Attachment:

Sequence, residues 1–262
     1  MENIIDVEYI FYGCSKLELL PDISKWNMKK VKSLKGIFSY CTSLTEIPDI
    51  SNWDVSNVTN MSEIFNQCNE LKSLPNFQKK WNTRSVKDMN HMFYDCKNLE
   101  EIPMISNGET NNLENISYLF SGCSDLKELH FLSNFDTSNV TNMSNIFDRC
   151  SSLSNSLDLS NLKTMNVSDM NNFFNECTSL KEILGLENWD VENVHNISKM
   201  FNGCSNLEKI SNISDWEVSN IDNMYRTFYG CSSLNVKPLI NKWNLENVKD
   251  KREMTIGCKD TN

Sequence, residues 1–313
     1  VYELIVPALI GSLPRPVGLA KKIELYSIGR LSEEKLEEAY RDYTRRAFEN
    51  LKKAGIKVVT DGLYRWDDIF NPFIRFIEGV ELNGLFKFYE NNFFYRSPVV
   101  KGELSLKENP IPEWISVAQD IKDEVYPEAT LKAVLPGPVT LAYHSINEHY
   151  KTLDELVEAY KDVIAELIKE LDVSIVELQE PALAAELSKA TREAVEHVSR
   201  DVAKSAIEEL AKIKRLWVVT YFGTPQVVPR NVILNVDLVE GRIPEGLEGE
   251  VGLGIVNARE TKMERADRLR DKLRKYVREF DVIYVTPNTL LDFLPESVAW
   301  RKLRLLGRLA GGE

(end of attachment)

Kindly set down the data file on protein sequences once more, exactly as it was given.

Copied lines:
Sequence, residues 1–262
     1  MENIIDVEYI FYGCSKLELL PDISKWNMKK VKSLKGIFSY CTSLTEIPDI
    51  SNWDVSNVTN MSEIFNQCNE LKSLPNFQKK WNTRSVKDMN HMFYDCKNLE
   101  EIPMISNGET NNLENISYLF SGCSDLKELH FLSNFDTSNV TNMSNIFDRC
   151  SSLSNSLDLS NLKTMNVSDM NNFFNECTSL KEILGLENWD VENVHNISKM
   201  FNGCSNLEKI SNISDWEVSN IDNMYRTFYG CSSLNVKPLI NKWNLENVKD
   251  KREMTIGCKD TN

Sequence, residues 1–313
     1  VYELIVPALI GSLPRPVGLA KKIELYSIGR LSEEKLEEAY RDYTRRAFEN
    51  LKKAGIKVVT DGLYRWDDIF NPFIRFIEGV ELNGLFKFYE NNFFYRSPVV
   101  KGELSLKENP IPEWISVAQD IKDEVYPEAT LKAVLPGPVT LAYHSINEHY
   151  KTLDELVEAY KDVIAELIKE LDVSIVELQE PALAAELSKA TREAVEHVSR
   201  DVAKSAIEEL AKIKRLWVVT YFGTPQVVPR NVILNVDLVE GRIPEGLEGE
   251  VGLGIVNARE TKMERADRLR DKLRKYVREF DVIYVTPNTL LDFLPESVAW
   301  RKLRLLGRLA GGE